Cara Cockerill, M.D.
Otorhinolaryngology (Ear, Nose & Throat)
It's that time of year when the weather warms up, flowers bloom and — boom — your nose clogs up, and you feel miserable. While the signs of nice weather are welcome for some, for others, they signal the start of sinus misery.
Here are some answers to common questions about sinusitis:
What is sinusitis?
Sinusitis occurs when the spaces inside your nose and head ― your sinuses ― are swollen and inflamed. This swelling interferes with the way mucus normally drains and makes your nose stuffy. Sinusitis can be brought on by an infection; growths in the sinuses, or nasal polyps; or swelling of the lining of your sinuses.
Common signs and symptoms of sinusitis include:
- Nasal inflammation
- Thick, discolored discharge from the nose
- Drainage down the back of the throat, which also is known as postnasal drip
- Nasal obstruction or congestion, causing difficulty breathing through your nose
- Pain, tenderness and swelling around your eyes, cheeks, nose or forehead
- Reduced sense of smell and taste
What is chronic sinusitis?
Acute sinusitis can turn into a chronic condition if you have had sinusitis a number of times, sinus infections that don't respond to treatment, or you have sinusitis symptoms that last more than three months. Common causes of chronic sinusitis include nasal polyps; complications of conditions, such as cystic fibrosis, HIV and other immune system-related diseases; recurrent respiratory infections; or allergies.
When should you see an ear, nose and throat specialist?
If you suspect you're having chronic sinus problems, then your primary care provider is a good place to start. They may recommend nasal steroid sprays, saline rinses, antihistamines or antibiotics.
If your symptoms don't respond to these more conservative treatments, then it may be time to see an ear, nose and throat (ENT) specialist, also known as an otolaryngologist. ENTs provide consultation, diagnose and treat disorders of the ear, nose, head and neck. This includes sinuses, adenoids, tonsils and thyroid.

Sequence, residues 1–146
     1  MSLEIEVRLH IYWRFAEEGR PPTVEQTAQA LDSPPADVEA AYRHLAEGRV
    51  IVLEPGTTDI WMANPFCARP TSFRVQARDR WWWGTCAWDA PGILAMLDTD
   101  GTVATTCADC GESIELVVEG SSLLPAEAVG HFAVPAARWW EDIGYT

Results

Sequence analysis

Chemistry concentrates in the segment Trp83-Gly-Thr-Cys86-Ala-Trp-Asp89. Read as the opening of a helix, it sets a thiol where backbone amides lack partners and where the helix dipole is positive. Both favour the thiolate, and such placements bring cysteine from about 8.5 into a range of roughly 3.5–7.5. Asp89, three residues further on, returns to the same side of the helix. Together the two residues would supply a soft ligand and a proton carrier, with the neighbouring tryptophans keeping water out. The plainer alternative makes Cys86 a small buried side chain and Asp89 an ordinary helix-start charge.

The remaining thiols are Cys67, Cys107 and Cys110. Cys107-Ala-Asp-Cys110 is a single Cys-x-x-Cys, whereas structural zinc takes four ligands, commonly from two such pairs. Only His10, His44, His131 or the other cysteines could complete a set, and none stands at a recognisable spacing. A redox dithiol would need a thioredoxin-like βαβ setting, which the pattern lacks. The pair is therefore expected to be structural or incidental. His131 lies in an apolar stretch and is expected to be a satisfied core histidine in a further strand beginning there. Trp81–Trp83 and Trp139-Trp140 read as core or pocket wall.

What can you expect during your ear, nose and throat visit?
During a first visit, the specialist likely will spend a good portion of time getting to know you. That includes learning more about your day-to-day life and how sinus symptoms are affecting it. Then the specialist will complete a head and neck exam, paying particular attention to the nose. Typically, a small scope is used. This scope goes in the nose to get a better look at the nasal passage and sinus openings.
What treatments are available for sinusitis?
Treatment typically starts as conservative as possible. If we’ve tried these medical treatments and your condition hasn't responded, a CT scan of your sinuses may be ordered to get a better look at the sinus anatomy. If this ends up showing signs of chronic inflammation or infection, then surgery may be a good option.
What does sinus surgery involve?
Sinus surgery is typically performed under general anesthesia in the operating room. Most ENT specialists use a minimally invasive endoscopic approach, which uses a small camera inside the nose. No external incisions are made. Your surgeon will use various instruments to open the natural sinus passages to allow better mucous drainage, and better penetration of nasal sprays and rinses.
Your surgeon also may use image guidance during surgery. This allows the surgeon to see the surrounding anatomy and location of instruments as the procedure is performed to avoid damaging critical structures, such as the eye; skull base; and major blood vessels, including the carotid artery. It uses the patient's pre-operative CT scan so the surgeon can tell in real time exactly where the instrument tip is.
Sinus surgery is typically an outpatient, same-day surgery. Most patients don't experience significant pain afterward and find relief from their chronic sinusitis symptoms.